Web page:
Periodontal disease

Periodontal disease

Periodontology (part 1)

Estimated reading time: 3 minutes

Definition of periodontal:

What is a periodontal ligament, or just periodontal disease? Let’s start with definitions. The periodontal is the complex of tissues surrounding the tooth and holding it in place; Periodontitis (pere-o-don-TIE-tis) is the inflammation of the tissues. Another common name is “gum disease.” Other several parts of teeth anatomy that is included in Periodontal are:

  • the gum
  •  the ligament of the tooth
  •  the alveolar bone
  •  the root cement

The periodontal ligament is the binding site of the lesion that determines tooth mobility and pain.

Clinical signs of periodontal disease include:

  • Redness
  • swollen gums (gingivitis)
  • bad breath from the mouth
  • tartar (may or may not be there at all)
  • loose teeth
  • purulent discharge from under the gums, etc.

Causes of occurrence of periodontal disease

Among the many causes of inflammatory reactions in periodontal tissues, plaque, which includes bacteria, saliva components, and particles of oral epithelium, is the first and most important. Plaque begins to form in the first hours immediately after brushing your teeth.

Typically, animals’ teeth are “self-cleaning,” There is no need to brush them. But for various reasons, it is not happening with all dogs. Plaque begins to spread along the gum line, and the bacteria it contains secrete toxins and other metabolic products that cause inflammation of the periodontal tissues.

The inflammatory process begins at the gingiva – gingivitis develops. Then the inflammation spreads deep into the tissues surrounding the tooth, which means the gingivitis progresses to periodontitis.

Inflammation can lead to gum recession (the roots are exposed), or it can move deep beneath the gum and form periodontal pockets.

The inflammatory process spreads to the bone structure, and the bone begins to break down (bone resorption occurs). The teeth become movable and eventually fall out.

As the disease progresses, tartar forms. Plaque forms the tartar. If not removed in time, Bacterial plaque gradually thickens, mineralizes, and becomes tartar. Tartar mechanically interferes with the gum, irritating it and pushing it away (pushing the gum up or down).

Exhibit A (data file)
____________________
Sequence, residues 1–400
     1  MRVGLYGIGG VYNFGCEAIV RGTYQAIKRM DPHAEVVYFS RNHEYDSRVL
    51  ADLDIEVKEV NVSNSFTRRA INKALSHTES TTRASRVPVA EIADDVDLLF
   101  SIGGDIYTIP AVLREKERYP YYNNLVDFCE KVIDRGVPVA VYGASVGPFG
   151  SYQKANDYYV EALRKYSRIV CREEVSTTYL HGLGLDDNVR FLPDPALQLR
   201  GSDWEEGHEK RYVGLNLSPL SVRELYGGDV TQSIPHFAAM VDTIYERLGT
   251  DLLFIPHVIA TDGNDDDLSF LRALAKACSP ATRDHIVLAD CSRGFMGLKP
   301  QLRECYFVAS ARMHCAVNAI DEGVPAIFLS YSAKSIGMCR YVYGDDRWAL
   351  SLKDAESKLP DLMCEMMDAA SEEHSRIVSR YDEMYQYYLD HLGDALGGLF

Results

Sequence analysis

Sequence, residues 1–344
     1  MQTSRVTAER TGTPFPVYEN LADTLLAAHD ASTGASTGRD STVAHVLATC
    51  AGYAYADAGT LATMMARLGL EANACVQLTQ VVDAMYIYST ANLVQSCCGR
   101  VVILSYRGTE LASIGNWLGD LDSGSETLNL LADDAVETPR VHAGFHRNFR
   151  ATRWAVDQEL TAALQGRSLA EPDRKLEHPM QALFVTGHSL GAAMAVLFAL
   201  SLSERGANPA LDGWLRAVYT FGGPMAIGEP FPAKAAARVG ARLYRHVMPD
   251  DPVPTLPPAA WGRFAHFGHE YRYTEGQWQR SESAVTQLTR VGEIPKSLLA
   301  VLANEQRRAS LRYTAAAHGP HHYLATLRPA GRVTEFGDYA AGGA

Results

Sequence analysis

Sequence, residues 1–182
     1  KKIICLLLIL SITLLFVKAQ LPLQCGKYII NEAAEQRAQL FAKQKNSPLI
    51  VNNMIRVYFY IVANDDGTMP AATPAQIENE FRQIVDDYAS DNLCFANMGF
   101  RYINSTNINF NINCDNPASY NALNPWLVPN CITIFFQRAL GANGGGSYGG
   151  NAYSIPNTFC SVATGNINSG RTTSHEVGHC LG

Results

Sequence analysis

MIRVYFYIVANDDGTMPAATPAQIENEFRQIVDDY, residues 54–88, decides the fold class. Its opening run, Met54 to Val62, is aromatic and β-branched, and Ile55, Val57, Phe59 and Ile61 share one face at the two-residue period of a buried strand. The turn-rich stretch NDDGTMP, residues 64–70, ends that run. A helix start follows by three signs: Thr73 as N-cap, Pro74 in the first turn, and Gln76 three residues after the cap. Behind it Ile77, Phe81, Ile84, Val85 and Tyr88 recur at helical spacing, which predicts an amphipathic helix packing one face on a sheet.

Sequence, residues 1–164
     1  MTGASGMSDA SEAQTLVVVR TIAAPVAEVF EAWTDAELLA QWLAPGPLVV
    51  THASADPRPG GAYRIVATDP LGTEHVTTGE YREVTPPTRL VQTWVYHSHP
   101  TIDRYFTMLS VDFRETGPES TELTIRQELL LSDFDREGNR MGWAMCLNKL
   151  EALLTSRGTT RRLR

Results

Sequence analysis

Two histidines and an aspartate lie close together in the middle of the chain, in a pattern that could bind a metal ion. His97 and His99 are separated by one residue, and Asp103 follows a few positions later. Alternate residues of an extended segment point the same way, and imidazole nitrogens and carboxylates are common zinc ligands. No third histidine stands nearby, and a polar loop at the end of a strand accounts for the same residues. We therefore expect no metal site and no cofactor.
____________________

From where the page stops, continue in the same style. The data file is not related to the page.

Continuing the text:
What can periodontal disease lead to?

Skeletal jaw

If periodontitis is left untreated and negatively affects the teeth and their surrounding tissues, it can lead to several complications. As a result of infectious inflammation, the bone is weakened, resulting in a pathological fracture.

Pathological fracture is

A broken bone caused by disease, often by the spread of cancer to the bone

A fracture of the bony jaw can occur under normal circumstances. The emaciated jaw might break while the pet jumps off a couch.

Pet Oronasal Fistula

Oronasal Fistula occurs in advanced periodontal when the infection spreads to the inner surface of the upper canine’s incisors, or premolars. The roots of these teeth are separated from the nasal cavity by a thin bone plate. Periodontitis destroys this bone, resulting in a communication between the oral and nasal cavities.

Bacteria, food debris, saliva, hair, etc., might get into this area and cause an infection in the nasal cavity.

Signs of dog’s Oronasal Fistula:

  • sneezing
  • nasal discharge
  • nose bleeding
  • sometimes loss of appetite
  • the horrible smell from the mouth

Oronasal fistula sometimes occurs even if the rest of the teeth are relatively healthy. Unfortunately, in this case, the tooth should be extracted.


Periodontal disease (part 2)

Breed predispositions to periodontal disease